Search This Blog

Subscribe Now: Feed Icon

Monday, October 25, 2010

Some intersting laws of internet bonding

1. Dunbar’s Law: It states that no human being can handle more than 150 trustful relationships. Of course, you may have much more online friends like onFacebook or twitter. 150 is the Dunbar number, named after British anthropologist Robin Dunbar.

2. The Long tail: It states that there is more value in the sum of things that get small demands than on the big demand things. It has been applied to contents (sites getting most of their traffic out of Google searches), advertising and electronic commerce (Amazon getting more sales out of unknown books than from bestselles).

3. The six degrees of separation theory: It refers to the idea that there are no more than 6 people between you and anybody else on Earth. American psychologist Stanley Milgram is the most known theorist of this.

This is the only one of the theories listed here, which I had tried personally when I first read about it and found it worked. I tried connecting with impossible people like Monica Lewinsky (Bill Clinton obviously was one step nearer:-), Osama Bin Laden, Melinda Gates, Shakira and Ronaldinho and could get them in less than six degrees!

4. Zuckerberg’s Law of Information Sharing: It states that online content (pictures, videos, etc.) doubles every year. Mark Zuckerberg is the founder of Facebook, the main social network. It’s similar to the law first articulated by Gordon E. Moore, the co-founder of Intel, that the number of transistors on a chip doubles every two years.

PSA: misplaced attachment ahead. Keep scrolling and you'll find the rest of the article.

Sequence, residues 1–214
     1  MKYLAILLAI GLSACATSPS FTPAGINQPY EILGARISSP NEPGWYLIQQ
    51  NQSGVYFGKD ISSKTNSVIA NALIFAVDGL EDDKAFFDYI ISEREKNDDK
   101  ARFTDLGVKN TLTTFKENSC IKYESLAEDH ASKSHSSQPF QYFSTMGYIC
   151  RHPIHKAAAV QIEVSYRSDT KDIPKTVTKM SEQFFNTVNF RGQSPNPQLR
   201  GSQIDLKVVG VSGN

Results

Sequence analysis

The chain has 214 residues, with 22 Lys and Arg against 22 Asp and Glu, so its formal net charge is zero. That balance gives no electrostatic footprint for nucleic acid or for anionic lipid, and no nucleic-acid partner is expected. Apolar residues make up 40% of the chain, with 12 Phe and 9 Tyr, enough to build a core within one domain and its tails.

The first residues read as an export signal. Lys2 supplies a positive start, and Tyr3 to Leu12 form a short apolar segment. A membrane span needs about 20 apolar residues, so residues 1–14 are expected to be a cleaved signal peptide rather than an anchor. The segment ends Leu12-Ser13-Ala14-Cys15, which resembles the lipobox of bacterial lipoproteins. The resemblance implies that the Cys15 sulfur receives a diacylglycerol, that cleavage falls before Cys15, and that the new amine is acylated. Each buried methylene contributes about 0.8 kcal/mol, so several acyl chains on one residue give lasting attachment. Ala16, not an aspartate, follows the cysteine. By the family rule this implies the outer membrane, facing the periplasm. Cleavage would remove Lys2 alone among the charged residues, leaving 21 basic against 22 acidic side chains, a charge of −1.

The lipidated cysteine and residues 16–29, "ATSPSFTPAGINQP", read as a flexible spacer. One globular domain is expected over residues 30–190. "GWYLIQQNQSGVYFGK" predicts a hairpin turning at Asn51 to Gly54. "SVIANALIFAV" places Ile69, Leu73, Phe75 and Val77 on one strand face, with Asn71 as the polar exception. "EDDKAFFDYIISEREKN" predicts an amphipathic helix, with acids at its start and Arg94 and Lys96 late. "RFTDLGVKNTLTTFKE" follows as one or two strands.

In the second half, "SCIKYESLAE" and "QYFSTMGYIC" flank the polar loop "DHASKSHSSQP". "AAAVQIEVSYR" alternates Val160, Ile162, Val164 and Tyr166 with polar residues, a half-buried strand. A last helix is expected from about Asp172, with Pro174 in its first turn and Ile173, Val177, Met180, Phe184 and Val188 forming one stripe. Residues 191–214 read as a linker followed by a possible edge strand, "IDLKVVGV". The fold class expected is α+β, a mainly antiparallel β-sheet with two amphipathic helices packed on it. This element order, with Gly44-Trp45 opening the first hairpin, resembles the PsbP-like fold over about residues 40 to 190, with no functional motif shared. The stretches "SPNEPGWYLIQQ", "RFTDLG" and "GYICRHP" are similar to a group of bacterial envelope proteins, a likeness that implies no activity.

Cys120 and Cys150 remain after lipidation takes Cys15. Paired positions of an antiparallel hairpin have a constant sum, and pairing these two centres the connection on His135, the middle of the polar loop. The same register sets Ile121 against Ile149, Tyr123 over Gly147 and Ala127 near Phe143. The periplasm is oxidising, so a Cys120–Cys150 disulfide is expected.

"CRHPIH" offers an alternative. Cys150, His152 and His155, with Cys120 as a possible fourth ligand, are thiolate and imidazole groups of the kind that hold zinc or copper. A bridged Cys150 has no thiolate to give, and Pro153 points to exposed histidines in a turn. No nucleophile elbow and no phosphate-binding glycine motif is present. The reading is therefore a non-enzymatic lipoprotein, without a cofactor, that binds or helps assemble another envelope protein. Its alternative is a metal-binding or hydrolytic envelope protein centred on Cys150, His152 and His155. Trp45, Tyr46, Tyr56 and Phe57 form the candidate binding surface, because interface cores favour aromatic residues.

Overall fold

5. Metcalfe’s Law: It states that the value of a network increases exponentially with the number of users it has. It is an old theory applied to telecommunication networks (for example, the telephone), but it is nowadays valid also for social networks.

6. Nielsen’s Law of 1/9: It states that 10% of users create 90% of online content. It is a version of the Paretto’s Law (20/80 ratio).

7. Permanent beta: It states that a site is always being tested by its users, so that it will never be in a final version. This is because users can so easily report errors os suggestions and innovation is permanent. Google’s Gmail was the first popular product that applied it.

8. Crowdsoucing law: It states that products made out of the collaboration of several people are better than individual ones.

No comments:

Post a Comment